The WHO has identified nine priority diseases that pose the biggest risk to public health, adding that they were deemed to be most risky due to a lack of treatments or their ability to cause a pandemic.
New Delhi: World Health Organisation chief Dr Tedros Adhanom Ghebreyesus has said that the world must prepare for a virus that is “even deadlier” than Covid-19. Dr Tedros’ comments come after the WHO earlier this month declared that Covid was no longer a public health emergency of international concern.
“The threat of another variant emerging that causes new surges of disease and death remains,” Tedros said. “And the threat of another pathogen emerging with even deadlier potential remains.”
He warned that nation states “cannot kick it down the road” and that the next global disease was bound to “knock knock”. “If we do not make the changes that must be made, then who will? And if we do not make them now, then when?” he said.
During a meeting of the World Heath Assembly in Geneva, Tedros said covid is still a threat but “not the only one we have to confront.”
More than 6.9 million people globally have died of COVID, according to a WHO tally. Tedros noted that the COVID pandemic showed “basically everyone on the planet” needs to be better protected.
WHO identifies nine priority diseases that pose risk to public health
The WHO has identified nine priority diseases that pose the biggest risk to public health, a report in Daily Mail said, adding that they were deemed to be most risky due to a lack of treatments or their ability to cause a pandemic.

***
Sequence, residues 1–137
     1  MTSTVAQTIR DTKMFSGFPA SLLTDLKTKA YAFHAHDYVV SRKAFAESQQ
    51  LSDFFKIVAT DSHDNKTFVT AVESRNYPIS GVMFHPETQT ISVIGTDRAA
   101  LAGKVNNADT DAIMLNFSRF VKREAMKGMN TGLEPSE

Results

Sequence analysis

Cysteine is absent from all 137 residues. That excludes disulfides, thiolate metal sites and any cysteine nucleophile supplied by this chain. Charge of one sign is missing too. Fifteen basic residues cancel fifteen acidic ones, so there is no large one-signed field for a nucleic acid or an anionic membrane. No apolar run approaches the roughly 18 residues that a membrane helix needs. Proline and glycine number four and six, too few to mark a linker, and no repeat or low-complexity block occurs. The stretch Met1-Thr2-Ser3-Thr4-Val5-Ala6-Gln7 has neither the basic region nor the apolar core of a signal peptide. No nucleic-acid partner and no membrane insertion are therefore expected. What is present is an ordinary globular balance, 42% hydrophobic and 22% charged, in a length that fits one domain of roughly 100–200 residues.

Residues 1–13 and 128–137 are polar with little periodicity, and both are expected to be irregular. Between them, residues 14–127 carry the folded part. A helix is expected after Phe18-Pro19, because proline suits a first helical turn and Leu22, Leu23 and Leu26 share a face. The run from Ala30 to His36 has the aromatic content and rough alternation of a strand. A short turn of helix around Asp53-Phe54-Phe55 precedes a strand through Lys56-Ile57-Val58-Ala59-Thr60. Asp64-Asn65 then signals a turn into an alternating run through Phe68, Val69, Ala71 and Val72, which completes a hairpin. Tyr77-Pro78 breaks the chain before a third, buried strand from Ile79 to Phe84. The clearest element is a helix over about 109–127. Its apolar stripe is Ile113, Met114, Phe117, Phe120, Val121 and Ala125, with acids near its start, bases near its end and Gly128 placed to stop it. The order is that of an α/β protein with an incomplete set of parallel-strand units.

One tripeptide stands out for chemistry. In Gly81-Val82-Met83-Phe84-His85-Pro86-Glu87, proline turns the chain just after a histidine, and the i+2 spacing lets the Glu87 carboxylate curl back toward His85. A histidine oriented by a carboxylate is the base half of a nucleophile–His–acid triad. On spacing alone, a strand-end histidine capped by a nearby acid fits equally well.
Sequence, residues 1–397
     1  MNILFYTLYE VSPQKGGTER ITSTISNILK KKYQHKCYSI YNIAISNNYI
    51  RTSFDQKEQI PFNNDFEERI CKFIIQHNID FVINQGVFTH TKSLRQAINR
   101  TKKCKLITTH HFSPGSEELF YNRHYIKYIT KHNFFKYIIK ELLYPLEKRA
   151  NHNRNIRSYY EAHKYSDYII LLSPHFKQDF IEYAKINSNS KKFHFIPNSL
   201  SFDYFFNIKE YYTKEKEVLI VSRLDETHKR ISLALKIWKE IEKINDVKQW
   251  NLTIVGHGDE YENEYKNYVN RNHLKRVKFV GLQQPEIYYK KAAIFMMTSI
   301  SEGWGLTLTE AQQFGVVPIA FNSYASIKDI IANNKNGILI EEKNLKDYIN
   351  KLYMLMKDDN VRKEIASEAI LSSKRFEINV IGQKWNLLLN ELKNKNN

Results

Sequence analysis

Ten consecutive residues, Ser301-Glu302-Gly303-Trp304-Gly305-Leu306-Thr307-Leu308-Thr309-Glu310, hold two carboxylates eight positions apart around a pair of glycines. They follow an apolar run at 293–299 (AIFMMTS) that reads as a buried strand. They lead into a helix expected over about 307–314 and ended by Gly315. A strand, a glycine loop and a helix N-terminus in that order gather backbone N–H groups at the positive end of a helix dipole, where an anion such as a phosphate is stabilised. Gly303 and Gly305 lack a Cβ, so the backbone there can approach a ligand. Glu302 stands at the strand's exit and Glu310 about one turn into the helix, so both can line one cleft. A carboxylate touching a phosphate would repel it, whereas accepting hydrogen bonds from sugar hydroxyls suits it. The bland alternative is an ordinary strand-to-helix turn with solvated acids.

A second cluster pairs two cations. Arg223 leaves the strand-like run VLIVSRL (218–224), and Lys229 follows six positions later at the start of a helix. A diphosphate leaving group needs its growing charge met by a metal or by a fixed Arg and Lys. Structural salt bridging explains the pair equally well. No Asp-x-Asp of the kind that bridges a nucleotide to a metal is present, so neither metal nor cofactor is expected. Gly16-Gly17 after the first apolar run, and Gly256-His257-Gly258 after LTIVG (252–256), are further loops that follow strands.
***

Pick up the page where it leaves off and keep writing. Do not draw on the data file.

“The world was taken by surprise and found unprepared for the Covid-19 pandemic, the most severe health crisis in a century,” he was quoted as saying by The Mirror.
Covid is on the list, along with Crimean-Congo haemorrhagic fever, a disease transmitted by ticks which kills 30 per cent of those it hospitalises. Ebola, which kills around half of those it infects, is another. Marburg, one of the deadliest pathogens ever discovered, with a case-fatality ratio of 88 per cent, is also a threat.
Lassa fever, which is mild or causes no symptoms in 80 per cent of cases, kills around 1 to 3 per cent of those it infects. Middle East Respiratory Syndrome coronavirus (MERS) and Severe Acute Respiratory Syndrome (SARS) are also on the WHO’s pandemic watch-list, the report added.
MERS causes a fever and cough which can develop into pneumonia and breathing difficulties. It was first spotted in the Middle East in 2012 and kills around 35 per cent of those it infects.
SARS, first identified in China in 2003, was the first severe and infectious new disease this century, has a case fatality ratio of three per cent. Nipah virus, first spotted in humans in 1998, causes a flu-like illness which can develop into breathing difficulties. It kills around three-quarters of those with confirmed infections.
The WHO is also concerned about Rift Valley fever, spread by infected animals and usually spotted in sub-Saharan Africa. Zika virus, another pathogen of concern, is mainly spread by mosquitos and is usually mild. Severe cases are rare, but it can cause complications for pregnant woman and babies.
The UN health agency has also warned about ‘Disease X’, reflecting the fact that the next pandemic could be caused by a pathogen currently unknown to cause human disease.
The WHO’s declaration comes just four months after China ended its prolonged zero-Covid policy restrictions and was hit by a big surge in infections.